The School of Education is committed to equal opportunities in the access to and provision of education. For more information please see the following documents:

School Mission Statement (PDF opens new window)

Disability and Disability Equality Scheme

Race Equality

Why study this course

Alumni profile

Farhat Mustaq, Teacher Training in Secondary Modern Languages

Farhat Mustaq was born in Pakistan and lived for 10 years in France before moving to the UK where she completed her degree studies. She successfully completed her teacher training in Modern Languages with us and was awarded the The Elaine Hurman Prize for her excellent work on developing her pupils’ use of the target language in class. Two years into her teaching career she has been promoted to head of department in her school and is studying for an MA in Teaching Studies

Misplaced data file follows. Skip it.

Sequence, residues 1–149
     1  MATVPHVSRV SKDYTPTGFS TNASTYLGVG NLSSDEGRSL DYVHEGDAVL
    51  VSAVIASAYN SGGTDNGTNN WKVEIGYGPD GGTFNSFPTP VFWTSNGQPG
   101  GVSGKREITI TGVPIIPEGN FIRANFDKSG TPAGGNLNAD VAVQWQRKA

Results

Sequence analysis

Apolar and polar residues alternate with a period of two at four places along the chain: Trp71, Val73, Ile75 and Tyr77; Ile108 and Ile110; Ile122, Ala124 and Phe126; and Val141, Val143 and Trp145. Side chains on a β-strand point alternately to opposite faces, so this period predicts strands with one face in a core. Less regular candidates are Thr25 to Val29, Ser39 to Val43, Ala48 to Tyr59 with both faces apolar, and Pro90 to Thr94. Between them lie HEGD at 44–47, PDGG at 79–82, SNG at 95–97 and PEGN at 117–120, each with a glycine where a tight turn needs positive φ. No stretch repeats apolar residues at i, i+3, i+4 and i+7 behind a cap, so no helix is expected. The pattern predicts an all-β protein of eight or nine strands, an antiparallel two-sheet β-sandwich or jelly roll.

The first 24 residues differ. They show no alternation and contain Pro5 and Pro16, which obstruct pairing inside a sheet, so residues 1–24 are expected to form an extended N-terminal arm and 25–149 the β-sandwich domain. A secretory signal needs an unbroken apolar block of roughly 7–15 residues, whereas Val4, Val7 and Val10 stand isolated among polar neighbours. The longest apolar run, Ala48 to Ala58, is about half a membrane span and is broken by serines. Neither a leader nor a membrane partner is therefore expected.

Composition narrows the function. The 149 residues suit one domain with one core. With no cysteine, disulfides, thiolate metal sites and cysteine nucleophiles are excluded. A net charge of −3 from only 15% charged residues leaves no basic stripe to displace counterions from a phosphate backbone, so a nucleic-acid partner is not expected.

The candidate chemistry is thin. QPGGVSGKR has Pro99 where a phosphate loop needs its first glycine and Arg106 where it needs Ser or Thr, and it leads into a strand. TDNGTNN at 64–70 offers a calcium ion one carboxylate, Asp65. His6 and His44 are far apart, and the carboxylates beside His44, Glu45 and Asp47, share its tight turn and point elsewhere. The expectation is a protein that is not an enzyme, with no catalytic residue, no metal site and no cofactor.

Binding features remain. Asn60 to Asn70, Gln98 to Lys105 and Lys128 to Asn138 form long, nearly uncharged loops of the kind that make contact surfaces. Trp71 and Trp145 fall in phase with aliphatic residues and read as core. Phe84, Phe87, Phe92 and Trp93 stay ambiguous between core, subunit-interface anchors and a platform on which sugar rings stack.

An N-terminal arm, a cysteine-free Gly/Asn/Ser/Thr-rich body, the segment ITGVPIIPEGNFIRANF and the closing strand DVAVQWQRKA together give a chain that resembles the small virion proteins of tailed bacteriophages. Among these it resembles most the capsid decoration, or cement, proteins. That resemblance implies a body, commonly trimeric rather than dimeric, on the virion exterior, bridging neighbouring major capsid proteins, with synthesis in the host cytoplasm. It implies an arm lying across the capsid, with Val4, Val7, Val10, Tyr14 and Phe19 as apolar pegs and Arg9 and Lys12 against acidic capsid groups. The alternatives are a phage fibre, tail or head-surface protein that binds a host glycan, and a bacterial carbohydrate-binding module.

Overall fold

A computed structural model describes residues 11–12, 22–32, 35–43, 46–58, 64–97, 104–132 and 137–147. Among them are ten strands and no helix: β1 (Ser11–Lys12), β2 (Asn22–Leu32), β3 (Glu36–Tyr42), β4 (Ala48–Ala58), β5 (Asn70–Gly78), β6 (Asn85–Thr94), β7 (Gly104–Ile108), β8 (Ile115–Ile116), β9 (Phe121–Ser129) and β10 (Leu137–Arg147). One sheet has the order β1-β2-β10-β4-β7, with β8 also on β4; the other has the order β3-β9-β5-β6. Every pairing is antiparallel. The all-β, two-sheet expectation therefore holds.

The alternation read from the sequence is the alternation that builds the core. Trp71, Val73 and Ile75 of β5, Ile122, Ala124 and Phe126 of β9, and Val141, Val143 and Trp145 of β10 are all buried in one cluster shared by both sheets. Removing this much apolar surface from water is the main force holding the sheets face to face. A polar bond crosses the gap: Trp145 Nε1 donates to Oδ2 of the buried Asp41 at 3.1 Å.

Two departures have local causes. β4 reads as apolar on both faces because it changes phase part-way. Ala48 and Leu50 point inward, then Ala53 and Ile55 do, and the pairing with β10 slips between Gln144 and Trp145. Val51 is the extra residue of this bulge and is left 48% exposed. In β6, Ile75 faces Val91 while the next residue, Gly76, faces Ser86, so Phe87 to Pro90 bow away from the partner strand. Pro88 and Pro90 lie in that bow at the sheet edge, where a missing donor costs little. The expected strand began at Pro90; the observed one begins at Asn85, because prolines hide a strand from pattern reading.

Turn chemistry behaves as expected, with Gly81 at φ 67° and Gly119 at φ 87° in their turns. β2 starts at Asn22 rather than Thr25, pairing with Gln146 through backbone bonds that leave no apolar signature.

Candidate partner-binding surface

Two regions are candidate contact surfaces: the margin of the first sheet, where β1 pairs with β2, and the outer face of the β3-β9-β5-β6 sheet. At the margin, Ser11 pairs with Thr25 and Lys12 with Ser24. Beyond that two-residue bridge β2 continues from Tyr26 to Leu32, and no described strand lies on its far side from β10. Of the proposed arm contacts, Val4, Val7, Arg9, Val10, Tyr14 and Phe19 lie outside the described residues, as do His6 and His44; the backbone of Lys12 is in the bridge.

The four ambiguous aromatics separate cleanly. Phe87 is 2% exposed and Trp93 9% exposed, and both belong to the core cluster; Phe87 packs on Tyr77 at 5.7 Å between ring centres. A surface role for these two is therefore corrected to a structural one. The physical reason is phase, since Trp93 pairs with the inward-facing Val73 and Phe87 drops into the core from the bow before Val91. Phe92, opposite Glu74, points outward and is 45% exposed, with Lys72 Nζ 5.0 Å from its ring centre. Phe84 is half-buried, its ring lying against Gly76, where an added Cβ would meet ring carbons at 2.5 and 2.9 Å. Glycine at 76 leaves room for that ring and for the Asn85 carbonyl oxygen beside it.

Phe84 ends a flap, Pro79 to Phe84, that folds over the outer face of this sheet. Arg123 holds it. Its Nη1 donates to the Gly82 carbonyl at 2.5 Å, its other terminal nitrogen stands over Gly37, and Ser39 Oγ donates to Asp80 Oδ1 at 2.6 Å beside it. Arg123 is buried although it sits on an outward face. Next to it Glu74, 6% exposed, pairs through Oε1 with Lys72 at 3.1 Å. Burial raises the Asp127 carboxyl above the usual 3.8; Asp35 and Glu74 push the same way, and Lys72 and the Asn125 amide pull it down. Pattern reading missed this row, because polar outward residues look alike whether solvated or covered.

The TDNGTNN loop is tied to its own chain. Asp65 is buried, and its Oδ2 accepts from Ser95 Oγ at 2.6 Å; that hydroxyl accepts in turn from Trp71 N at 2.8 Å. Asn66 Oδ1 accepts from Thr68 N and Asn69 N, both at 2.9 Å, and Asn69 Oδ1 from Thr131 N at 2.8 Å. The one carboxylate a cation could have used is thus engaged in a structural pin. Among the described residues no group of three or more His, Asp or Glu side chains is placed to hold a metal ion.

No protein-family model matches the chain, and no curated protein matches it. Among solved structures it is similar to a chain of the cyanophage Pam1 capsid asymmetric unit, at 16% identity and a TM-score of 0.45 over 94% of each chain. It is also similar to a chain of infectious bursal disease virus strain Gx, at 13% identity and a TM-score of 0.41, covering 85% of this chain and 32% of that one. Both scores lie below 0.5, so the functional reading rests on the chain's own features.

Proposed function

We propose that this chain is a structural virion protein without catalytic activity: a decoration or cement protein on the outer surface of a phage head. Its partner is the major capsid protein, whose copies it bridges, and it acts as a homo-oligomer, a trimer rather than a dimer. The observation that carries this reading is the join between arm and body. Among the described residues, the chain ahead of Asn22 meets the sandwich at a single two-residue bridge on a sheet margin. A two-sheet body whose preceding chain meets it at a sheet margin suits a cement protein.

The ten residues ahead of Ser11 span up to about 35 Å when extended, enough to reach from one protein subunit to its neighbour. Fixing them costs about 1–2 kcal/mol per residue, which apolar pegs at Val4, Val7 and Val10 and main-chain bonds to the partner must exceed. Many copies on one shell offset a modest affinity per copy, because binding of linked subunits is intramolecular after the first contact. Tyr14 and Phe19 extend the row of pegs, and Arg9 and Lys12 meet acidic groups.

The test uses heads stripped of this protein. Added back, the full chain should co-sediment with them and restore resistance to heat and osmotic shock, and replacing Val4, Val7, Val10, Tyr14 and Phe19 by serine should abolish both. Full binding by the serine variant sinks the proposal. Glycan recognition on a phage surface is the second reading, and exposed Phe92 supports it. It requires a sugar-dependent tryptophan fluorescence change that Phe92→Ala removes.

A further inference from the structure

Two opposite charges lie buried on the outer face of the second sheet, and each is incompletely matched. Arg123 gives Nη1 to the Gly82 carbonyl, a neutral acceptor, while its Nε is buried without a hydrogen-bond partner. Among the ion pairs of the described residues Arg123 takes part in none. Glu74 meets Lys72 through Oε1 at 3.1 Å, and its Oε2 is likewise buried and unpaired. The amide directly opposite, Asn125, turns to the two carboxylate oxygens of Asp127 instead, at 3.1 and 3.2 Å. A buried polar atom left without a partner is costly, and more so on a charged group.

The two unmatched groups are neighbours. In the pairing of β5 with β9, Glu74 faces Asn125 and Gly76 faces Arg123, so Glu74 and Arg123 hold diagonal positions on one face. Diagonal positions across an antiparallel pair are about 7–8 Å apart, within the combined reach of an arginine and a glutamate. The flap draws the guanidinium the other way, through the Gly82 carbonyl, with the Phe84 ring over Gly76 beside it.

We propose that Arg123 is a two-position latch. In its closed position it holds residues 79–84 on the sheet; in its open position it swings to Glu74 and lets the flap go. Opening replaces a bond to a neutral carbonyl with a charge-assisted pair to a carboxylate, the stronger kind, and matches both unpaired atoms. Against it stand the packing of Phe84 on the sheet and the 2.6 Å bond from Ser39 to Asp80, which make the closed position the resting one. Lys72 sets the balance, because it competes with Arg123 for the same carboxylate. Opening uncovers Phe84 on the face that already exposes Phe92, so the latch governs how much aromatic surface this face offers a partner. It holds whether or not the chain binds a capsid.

What students say about the course

‘The PGDipEd in MFL was a challenging and rewarding course which laid the foundations for excellent teaching practice. I was given continual support both at university and at my school placements. The Masters level assignments allowed us to gain an academic understanding of teaching and I am keen to return to gain a Masters in Education in a few years.’ Stephanie Seal

"I chose to study at the University of Birmingham for my PGDipEd, because of the quality of the course. I felt it would offer me the training and support I would need to grow into a good teacher. It did meet my expectations, and beyond them." Kevin Perrault